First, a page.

• expanding existing towns; and
  • growth in existing villages, but only where services can support it.

Some of this development will be dependent on improvements to our transport networks, plus the development of critical new infrastructure, like the proposed East-West Railway.

The plan includes a range of different homes to rent and buy with a mixture of sizes including family homes, two bedroom homes, apartments and bungalows. And, to help people get on the housing ladder, this will include 30% to be provided as lower cost options such as affordable rent and shared ownership.

The options for where this growth is proposed is shown on the map.

Local Plan key diagram

Jobs: 24,000 - 30,000

A range of new jobs would be delivered through existing sites and the proposed growth locations. Additionally, the plan proposes the following key employment sites at strategic locations close to the M1 and A1:

  • J11a of M1 motorway
  • J13 of M1 motorway
  • Biggleswade South Roundabout on the A1
  • RAF Henlow

These employment sites are also shown on the map.

Transport and services

We are planning for new infrastructure such as roads, schools, shops, leisure, community facilities and open space.

Sometimes infrastructure is put in place before housing is developed (for example, major link roads and schools have been developed to support future growth). At other times infrastructure follows development but they support each other, so we need to plan for both.


Existing and potential new roads and rail have already informed the draft plan, such as the M1-A6 link road and the Ridgmont Station upgrade.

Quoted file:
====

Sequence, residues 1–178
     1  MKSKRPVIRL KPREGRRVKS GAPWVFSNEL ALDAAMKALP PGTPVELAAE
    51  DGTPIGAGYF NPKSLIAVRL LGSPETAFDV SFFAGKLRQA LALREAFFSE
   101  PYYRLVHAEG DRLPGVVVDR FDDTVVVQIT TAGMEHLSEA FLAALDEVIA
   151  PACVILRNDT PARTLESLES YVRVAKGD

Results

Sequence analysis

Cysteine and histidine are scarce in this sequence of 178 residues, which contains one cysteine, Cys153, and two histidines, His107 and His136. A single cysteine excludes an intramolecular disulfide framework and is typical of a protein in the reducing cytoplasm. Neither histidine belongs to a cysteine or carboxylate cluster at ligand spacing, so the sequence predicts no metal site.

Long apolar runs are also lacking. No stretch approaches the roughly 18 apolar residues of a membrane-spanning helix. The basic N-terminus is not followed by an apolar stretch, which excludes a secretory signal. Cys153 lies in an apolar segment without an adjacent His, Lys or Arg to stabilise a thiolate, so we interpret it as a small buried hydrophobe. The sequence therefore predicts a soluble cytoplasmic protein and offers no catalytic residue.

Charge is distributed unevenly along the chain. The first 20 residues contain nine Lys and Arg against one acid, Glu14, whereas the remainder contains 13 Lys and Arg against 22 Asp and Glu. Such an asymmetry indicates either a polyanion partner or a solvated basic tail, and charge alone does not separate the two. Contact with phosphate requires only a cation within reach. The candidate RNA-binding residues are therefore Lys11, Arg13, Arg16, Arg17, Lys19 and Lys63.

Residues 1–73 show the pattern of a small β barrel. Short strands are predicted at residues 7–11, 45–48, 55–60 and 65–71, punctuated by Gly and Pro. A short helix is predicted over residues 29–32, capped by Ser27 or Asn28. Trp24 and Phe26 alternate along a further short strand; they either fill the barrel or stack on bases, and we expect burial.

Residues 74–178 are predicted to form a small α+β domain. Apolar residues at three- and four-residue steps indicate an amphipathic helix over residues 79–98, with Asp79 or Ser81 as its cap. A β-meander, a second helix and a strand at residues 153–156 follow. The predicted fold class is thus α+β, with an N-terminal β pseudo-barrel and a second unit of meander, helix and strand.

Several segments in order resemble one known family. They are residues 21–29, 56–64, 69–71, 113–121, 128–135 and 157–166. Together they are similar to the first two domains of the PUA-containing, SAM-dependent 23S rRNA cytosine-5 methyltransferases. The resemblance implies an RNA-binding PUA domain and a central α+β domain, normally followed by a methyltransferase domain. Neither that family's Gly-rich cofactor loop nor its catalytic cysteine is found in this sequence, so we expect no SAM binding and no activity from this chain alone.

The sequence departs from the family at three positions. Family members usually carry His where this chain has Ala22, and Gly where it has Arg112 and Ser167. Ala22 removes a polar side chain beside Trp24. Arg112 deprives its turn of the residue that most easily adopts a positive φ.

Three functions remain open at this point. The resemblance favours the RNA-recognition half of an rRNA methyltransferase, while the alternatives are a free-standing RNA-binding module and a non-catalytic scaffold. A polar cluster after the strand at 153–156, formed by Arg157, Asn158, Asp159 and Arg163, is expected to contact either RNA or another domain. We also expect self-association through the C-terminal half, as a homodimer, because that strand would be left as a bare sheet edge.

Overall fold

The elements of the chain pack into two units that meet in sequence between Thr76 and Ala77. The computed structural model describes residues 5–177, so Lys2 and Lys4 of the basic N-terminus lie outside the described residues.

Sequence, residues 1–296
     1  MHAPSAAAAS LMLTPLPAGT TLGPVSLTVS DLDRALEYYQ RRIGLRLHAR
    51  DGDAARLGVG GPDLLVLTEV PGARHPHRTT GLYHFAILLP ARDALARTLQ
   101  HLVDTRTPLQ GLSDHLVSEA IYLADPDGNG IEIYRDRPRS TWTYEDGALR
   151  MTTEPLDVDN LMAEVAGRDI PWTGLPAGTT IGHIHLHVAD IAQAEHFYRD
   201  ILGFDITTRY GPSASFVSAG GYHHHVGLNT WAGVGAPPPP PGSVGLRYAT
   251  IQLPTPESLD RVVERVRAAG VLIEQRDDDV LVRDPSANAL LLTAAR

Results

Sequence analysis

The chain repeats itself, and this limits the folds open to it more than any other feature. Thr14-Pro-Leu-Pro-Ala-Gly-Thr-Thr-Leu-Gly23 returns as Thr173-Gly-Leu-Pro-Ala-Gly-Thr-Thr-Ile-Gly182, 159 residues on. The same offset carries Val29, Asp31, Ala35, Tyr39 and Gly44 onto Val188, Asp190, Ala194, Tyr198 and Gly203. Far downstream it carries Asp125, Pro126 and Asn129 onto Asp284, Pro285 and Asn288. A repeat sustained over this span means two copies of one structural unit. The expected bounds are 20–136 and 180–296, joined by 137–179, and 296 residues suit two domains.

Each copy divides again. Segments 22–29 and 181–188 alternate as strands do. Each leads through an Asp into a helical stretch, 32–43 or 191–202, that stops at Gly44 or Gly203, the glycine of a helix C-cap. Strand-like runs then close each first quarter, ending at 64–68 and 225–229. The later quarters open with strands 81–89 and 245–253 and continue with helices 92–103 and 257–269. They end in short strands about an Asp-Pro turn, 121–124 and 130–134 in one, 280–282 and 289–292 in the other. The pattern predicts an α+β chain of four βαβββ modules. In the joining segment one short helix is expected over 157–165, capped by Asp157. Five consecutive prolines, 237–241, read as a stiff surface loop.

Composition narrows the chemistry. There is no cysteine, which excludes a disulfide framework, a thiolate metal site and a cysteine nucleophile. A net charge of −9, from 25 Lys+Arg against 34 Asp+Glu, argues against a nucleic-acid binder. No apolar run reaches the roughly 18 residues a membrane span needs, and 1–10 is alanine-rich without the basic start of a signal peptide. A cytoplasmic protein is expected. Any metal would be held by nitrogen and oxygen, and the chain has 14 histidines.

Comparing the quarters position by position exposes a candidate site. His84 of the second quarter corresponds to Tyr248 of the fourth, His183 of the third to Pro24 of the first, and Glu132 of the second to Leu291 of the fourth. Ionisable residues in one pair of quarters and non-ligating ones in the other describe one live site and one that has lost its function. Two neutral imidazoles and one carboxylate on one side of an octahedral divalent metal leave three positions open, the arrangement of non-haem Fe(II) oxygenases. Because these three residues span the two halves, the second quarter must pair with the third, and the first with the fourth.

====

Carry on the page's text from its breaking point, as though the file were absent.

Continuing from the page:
Others are key to development in the areas we have proposed, such as the proposed East-West Railway and the Oxford to Cambridge Expressway. We are also lobbying government for improvements to the A1 and A421 to support this growth too.


Small developments in and around villages will only happen where this can be supported by existing services or where the development will enhance these services and there is good accessibility.

Larger developments include requirements for road improvements, new shops, community facilities, leisure facilities, schools and health and care hubs.

Some of the larger developments are dependent on critical road and/or rail improvements to support them.


We know how important the countryside and rural character of Central Bedfordshire is. Whilst we recognise that the number of homes we’re required to build is significant, in total these homes, together with those that already have planning permission, would equate to new development on only 4% of Central Bedfordshire land.

88% of Central Bedfordshire is countryside and 84% of it still would be countryside if the maximum number of homes that are proposed and planned are delivered.

Two of the options proposed in the plan use brownfield land (land that has previously been developed) and we’re seeking to use as much of this as we can. Unfortunately supply of brownfield land in Central Bedfordshire is very limited and there isn’t enough to deliver all of the growth that we require.

The draft plan proposes to increase public access to the countryside by creating more rights of way and country parks as well as play parks and open spaces within the proposed developments.

The plan includes protecting the Greensand Ridge, the Forest of Marston Vale, the Ivel Valley and the Chilterns areas of outstanding natural beauty (AONB), enhancing where possible and increasing access.

Planting, landscaping and creating green space between developments and existing areas of natural beauty will limit the impact of development on these important areas.

We will use green open space to prevent existing settlements merging, keeping their identity and the rural character of the area.